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@brentmc79

@brentmc79

Full-time web developer. Part-time smart ass.

I'm Brent Collier.

After a year and a half as an engineer on Twitter's Trust & Safety team, I'm looking for my next gig. Contact me if you know of something interesting.

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Keeping the pace

Posted on 08/12/2008

I'm currently working on a fairly large rails app that's been in development for the past couple of years. In fact, when it first began I think Rails was only at version 1.1 or 1.2.

A lot's changed since then, both in Rails and the app. I've been doing Rails development for over a year now, but I'm still far from an expert. I often find myself looking at a bit of code and wondering if it's some part of Rails (or ruby) that I'm not familiar with, or if it's something specific to our app. We have a lot of custom framework code, and given the size and age of our app, it's not unlikely.

Well, I found a case today in which it was both. I was in the middle of replacing a bit of classic_pagination with will_paginate and I noticed that it kept choking on hash.except(keys). I thought this was a little odd since it was plugin code, which I was pretty sure we hadn't modified. After a little poking around, I found that the except method was defined in a Hash extension in the lib/ directory. There was no way that will_paginate was referring to a bit of our code!  A quick Google search later, I found that ActiveSupport added the except method to Hash. Clearly one of two things had happened. Either we had implemented our own version of hash.except before it made it into Rails, or it had already been added to ActiveSupport, but we were just lagging behind on our Rails version.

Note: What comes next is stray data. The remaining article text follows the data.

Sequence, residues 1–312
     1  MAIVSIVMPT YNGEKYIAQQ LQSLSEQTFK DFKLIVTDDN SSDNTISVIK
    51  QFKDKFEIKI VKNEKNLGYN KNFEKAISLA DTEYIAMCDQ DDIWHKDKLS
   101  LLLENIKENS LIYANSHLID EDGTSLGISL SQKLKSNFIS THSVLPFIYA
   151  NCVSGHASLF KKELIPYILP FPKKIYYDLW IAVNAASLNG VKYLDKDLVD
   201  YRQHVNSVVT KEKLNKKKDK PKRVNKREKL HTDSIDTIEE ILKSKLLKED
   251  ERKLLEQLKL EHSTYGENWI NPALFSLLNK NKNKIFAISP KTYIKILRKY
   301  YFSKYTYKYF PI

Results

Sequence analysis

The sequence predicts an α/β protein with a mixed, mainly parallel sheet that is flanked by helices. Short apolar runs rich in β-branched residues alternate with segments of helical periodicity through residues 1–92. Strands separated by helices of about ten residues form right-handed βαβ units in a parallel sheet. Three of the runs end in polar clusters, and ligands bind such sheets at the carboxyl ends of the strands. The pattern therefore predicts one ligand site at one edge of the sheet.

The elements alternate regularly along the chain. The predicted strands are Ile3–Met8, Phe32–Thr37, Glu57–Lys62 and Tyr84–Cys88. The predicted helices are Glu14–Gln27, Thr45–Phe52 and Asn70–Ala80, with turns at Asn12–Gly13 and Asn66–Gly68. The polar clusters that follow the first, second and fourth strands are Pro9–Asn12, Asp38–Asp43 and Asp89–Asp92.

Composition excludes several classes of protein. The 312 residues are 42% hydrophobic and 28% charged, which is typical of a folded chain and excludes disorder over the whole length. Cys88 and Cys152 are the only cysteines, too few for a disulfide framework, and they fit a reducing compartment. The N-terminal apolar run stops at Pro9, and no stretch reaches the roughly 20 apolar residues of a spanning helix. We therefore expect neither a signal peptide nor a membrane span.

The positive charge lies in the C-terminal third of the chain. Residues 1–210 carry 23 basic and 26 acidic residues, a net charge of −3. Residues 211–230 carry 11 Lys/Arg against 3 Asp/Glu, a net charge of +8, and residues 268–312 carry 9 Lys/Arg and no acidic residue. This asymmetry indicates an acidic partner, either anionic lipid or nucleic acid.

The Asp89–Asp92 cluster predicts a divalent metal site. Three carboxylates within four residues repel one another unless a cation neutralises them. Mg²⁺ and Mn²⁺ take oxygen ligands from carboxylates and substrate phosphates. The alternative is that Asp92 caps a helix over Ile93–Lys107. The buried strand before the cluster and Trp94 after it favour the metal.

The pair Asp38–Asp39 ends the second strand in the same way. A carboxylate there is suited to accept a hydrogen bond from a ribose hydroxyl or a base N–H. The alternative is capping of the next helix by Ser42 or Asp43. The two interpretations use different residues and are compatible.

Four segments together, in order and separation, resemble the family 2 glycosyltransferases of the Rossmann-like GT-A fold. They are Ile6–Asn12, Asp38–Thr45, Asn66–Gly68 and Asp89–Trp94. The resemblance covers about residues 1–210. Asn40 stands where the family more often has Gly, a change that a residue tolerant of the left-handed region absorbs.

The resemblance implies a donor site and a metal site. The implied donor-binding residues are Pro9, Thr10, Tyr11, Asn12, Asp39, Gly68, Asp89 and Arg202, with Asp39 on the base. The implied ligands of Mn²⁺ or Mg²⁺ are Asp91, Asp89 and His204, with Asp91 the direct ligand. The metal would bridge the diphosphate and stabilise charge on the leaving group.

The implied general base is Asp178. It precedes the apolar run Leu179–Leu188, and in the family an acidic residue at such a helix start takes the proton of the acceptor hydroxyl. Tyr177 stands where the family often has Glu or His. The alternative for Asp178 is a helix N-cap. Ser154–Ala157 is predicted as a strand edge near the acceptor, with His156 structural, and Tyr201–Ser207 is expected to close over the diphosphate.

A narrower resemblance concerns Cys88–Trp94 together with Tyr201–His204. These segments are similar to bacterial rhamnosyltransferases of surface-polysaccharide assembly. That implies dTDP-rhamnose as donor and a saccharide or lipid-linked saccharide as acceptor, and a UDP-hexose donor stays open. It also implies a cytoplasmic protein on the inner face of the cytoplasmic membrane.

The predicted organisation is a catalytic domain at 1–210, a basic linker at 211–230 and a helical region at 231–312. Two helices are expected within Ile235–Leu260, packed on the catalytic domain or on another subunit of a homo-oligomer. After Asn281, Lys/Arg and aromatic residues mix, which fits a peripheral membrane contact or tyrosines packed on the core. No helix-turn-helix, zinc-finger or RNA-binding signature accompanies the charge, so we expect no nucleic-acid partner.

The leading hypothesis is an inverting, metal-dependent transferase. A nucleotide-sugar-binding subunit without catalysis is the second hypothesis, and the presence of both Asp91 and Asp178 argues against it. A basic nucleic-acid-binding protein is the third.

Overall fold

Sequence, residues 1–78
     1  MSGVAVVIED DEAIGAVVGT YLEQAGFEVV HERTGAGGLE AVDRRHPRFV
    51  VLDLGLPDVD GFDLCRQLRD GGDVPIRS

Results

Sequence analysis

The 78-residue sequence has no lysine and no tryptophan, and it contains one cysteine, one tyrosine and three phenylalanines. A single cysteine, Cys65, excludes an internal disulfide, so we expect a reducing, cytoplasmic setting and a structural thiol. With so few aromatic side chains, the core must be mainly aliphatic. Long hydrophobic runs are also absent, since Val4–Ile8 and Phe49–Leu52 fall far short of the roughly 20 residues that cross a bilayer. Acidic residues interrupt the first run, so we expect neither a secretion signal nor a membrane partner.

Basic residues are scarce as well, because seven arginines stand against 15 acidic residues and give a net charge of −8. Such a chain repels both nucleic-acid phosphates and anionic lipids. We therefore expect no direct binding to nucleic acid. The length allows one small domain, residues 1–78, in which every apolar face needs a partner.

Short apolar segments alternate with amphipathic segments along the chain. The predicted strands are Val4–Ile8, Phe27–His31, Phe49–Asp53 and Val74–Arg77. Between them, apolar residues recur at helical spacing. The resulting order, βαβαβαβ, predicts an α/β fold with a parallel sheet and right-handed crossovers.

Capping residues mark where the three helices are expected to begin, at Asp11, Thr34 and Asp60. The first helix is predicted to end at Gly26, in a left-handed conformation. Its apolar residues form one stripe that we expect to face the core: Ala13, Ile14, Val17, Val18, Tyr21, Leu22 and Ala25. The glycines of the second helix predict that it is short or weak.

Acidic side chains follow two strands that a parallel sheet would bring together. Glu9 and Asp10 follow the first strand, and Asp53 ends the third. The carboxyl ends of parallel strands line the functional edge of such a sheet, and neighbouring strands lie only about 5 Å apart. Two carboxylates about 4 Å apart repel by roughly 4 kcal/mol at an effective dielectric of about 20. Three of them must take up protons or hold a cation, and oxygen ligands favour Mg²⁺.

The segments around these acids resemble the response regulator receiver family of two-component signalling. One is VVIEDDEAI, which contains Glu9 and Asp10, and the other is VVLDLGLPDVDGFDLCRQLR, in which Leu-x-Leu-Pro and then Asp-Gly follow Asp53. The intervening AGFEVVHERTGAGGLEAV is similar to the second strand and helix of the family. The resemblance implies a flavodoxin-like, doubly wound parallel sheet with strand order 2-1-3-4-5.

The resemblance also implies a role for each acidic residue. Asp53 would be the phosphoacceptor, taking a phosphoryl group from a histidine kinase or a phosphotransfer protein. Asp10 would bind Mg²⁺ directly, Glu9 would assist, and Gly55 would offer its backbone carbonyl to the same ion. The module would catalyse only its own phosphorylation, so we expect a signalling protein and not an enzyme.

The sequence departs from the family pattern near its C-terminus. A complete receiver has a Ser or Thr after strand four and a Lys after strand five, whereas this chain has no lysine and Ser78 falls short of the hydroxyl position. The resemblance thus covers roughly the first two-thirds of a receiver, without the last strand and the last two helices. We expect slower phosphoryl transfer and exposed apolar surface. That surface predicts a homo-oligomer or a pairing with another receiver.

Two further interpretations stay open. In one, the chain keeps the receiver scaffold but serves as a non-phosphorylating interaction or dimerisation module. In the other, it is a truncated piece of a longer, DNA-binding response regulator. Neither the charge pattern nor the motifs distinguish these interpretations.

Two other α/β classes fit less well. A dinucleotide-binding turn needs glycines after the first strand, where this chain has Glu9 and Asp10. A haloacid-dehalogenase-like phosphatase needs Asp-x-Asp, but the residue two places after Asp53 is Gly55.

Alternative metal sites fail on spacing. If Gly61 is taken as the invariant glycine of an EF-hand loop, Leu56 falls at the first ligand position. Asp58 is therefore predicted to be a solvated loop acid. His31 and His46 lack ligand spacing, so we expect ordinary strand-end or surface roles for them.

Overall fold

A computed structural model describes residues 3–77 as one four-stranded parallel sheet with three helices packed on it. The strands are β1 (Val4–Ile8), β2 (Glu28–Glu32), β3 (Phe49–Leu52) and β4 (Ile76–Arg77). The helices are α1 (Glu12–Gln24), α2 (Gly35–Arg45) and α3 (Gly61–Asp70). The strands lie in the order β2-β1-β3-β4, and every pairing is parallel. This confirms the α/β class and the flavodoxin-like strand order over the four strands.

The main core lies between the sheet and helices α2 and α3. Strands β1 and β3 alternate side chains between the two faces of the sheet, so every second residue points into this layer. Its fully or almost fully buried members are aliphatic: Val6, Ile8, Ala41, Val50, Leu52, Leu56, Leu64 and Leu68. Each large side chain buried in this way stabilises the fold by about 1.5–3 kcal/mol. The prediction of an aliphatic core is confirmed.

When working in a field where the tools change so rapidly, it's very important to keep up with any changes that are made. This is especially important when the development lifetime of an app spans multiple releases of a framework.